As an artist or maker, I feel it's important to try new things and keep growing. Even if it means doing something that may be a little scary.
I've been wanting to be able to cast. After a whole bunch of research on different methods, I came up with delft clay casting. So today I'm going to introduce you to what delft clay casting is, the possibilities it opens up, and why it is a great casting option.
Delft Clay Casting is a refined version of traditional sand casting. The sand is much finer which will create sharper more detailed casts. Molds can be made from wax (pictured above), wood, plastic, epoxy, or metal. Once you have your mold you put it into the sand, then you create air holes and a pouring channel. Using a crucible and heat source the metal is heated up to a molten state which is then poured into the channel. Gravity pulls the liquid metal down and fills in the empty cavity your mold originally created.
Once the metal has been poured in you can separate your mold and take the finished piece out. There will be an extra bit of metal attached to the piece which can be sawed off. The blackened sand can be discarded as it can't be used again. However, all the remaining orange sand can. Simply clean off the piece and finish it with any sanding or polishing.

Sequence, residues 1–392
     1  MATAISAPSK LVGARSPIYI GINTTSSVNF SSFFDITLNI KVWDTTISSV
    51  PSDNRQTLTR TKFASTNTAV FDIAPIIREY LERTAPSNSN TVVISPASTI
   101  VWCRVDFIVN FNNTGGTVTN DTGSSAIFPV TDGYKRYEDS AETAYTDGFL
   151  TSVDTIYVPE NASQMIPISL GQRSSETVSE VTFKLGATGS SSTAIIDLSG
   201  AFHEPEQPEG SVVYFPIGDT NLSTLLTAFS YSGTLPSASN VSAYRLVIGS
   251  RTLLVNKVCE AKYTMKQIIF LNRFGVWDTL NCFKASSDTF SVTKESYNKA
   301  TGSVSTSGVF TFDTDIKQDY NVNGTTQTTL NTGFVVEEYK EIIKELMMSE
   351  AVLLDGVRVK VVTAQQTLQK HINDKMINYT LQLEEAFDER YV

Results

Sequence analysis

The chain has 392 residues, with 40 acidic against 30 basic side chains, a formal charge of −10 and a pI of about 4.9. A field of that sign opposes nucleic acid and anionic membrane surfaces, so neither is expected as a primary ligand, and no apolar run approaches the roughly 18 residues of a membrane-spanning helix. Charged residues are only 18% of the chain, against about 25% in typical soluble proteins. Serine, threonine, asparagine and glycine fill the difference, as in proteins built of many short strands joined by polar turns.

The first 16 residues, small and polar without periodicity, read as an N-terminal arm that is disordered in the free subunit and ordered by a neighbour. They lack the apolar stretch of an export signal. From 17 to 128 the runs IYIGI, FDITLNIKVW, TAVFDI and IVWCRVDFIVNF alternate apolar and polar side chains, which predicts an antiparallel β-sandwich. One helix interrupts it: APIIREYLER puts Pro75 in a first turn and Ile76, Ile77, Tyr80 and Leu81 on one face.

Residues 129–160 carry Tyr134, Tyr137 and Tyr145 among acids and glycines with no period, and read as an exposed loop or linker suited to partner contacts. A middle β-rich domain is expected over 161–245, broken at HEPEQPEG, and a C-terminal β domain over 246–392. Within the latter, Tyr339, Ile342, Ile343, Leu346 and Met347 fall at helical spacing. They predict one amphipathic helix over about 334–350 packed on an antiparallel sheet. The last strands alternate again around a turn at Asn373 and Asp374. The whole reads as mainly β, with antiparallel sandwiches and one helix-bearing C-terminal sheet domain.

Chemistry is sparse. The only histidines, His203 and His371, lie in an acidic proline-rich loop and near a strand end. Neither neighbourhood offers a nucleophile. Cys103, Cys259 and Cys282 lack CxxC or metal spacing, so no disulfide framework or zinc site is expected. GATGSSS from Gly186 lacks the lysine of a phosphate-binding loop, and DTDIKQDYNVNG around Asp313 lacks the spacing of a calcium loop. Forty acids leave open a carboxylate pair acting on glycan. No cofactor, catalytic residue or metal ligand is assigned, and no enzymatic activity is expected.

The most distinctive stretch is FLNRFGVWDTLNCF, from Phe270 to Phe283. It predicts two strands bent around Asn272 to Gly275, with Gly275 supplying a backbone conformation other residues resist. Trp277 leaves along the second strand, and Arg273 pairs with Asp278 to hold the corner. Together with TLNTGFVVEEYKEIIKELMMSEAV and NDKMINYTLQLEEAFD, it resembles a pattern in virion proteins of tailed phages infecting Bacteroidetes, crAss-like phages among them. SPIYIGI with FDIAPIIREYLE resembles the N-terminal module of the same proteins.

This opens the door to so many different designs. I created this brass heart sample for a custom order. It's also a great way to make multiples of things. So if other family members or friends wanted the same piece, I could easily create it by reusing the master mold.
It also has very little waste. Only the small amount of charred sand that the molten metal touch has to be discarded. All the remaining sand can be reused and a bag of it will last years. I'm not a master in this by any means, but I really enjoyed using this traditional technique with its modern flair.
What other types of jewelry making are you interested in learning more about? Comment below and maybe I can do a blog post on it.
Owner, Designer, Maker
Hammer & Heart Heirlooms